There are almost as many books available on edible plants as there are edible plants themselves.  While the information many of them provide is top notch, there are those that are written by people who have all kinds of theoretical experience with the plants, but little or no practical experience. For example, I have read that Cattails are a wonderful winter survival food; that their starchy rhizomes, corms, and tubers persist throughout the winter, and provide a bounty of caloric benefit to anyone who simply breaks through the ice to get to them. While this may be the case in more temperate regions, across much of the northern regions of the USA and Canada, this is a real PITA. When I was younger, I read this very thing in a book, and subsequently spent hours hacking through the ice to get to this bounty of winter time sustenance. The amount of root I actually harvested was pretty small. I know damned well that I burned a whole lot more calories getting at the roots than I gained by eating them. This resulted in a net loss. Survival is all about risk versus reward. In this case caloric expenditure versus caloric intake. It does not take a rocket scientist to realize that you cannot survive very long if you are burning more calories than you are taking in. While a stand of Cattails is the closest thing you are going to find to a wild mega mart, it is not always as easy as some make it sound.

It is very important that you understand, that if you are unsure about the edibility of a plant, DO NOT EAT IT. With that being said, you can try unknown plants by precisely following the Universal Edibility Test. This test will allow you to determine whether or not a plant is edible. It is important that you are aware of the fact that some plants are edible only at certain times of year, or during certain stages of growth. Furthermore, just because the root of a plant is edible does not mean the leaves or stems are. There are numerous instances of plants where one part is edible, but the others are toxic.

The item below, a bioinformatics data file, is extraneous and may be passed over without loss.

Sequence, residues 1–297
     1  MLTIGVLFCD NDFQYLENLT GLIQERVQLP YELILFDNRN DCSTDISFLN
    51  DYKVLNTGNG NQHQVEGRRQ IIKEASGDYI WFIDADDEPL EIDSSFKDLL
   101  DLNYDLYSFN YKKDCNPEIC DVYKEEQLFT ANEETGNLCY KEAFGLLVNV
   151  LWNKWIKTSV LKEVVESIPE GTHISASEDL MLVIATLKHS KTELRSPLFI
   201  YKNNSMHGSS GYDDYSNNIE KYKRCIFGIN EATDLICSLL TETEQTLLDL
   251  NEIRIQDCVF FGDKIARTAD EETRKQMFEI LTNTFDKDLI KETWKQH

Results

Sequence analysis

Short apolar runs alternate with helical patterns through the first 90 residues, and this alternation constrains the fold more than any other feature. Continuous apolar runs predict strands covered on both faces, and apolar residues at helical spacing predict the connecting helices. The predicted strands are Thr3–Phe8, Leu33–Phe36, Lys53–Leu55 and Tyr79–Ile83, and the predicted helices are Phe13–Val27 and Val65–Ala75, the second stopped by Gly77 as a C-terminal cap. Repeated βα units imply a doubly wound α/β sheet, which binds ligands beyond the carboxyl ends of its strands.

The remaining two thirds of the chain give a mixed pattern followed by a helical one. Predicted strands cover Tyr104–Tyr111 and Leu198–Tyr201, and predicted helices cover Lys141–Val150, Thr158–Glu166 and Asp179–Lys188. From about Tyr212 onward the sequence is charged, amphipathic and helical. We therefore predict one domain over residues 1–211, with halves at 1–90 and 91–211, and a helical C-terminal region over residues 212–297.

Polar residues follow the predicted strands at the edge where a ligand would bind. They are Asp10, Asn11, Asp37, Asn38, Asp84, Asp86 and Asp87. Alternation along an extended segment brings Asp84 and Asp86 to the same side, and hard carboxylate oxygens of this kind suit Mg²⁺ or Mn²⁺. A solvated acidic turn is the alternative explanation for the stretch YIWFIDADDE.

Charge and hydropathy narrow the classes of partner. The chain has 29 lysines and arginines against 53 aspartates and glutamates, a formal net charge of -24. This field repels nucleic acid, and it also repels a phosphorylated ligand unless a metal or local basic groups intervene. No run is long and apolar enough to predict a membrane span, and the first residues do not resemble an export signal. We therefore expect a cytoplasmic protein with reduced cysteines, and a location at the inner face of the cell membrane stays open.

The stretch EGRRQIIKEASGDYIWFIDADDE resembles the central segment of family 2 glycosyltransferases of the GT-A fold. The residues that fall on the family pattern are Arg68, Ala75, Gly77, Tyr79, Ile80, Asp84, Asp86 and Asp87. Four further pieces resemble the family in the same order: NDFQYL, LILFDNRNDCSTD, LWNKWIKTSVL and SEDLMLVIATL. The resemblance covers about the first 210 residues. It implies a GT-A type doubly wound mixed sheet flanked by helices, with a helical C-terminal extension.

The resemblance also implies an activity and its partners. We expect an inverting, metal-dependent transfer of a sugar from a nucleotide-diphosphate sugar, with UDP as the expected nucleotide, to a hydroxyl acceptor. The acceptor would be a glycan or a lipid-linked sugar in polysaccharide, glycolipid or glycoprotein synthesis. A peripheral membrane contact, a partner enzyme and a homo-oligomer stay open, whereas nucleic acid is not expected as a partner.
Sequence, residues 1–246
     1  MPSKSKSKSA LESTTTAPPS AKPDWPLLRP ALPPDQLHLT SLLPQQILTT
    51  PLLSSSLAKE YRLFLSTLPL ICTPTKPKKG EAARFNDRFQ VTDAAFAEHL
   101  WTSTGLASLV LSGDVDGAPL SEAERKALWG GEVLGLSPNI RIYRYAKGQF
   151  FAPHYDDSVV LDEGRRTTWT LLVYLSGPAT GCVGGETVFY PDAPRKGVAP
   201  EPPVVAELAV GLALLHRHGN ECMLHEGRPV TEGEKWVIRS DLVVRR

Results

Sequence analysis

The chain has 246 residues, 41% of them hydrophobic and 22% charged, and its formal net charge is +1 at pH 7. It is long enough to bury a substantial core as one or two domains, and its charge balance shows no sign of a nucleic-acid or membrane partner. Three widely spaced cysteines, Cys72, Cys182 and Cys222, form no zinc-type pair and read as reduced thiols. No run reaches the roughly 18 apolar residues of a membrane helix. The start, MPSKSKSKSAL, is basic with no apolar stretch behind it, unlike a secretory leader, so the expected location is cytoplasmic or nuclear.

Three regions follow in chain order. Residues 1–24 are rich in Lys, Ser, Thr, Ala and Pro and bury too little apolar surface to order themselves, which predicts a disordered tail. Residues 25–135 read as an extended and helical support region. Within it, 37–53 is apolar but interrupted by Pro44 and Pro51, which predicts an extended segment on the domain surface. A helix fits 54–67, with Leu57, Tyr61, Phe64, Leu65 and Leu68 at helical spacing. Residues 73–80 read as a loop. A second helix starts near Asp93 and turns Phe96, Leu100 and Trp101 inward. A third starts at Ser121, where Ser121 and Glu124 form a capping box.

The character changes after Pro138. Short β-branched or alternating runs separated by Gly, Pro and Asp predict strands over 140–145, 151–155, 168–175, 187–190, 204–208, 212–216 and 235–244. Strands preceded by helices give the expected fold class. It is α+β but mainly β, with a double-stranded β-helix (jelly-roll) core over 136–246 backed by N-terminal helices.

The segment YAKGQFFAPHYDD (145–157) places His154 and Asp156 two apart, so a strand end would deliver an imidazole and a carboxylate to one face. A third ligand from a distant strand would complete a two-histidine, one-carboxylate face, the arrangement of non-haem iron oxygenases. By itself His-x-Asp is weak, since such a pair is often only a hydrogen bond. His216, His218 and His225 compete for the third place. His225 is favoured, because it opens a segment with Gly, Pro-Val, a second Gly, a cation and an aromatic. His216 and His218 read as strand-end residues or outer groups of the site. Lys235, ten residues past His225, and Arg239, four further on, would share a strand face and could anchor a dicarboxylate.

Below is a list of a fraction of the edible plants common to the Great Lakes region. I have chosen these pants because they are wide spread, and aside from Queen Anne's Lace and Milkweed, do not have any poisonous look alikes. I included Queen Anne's Lace and Milkweed because they are both abundant, and quite nutritious, so it is worth your time to learn their identifying characteristics.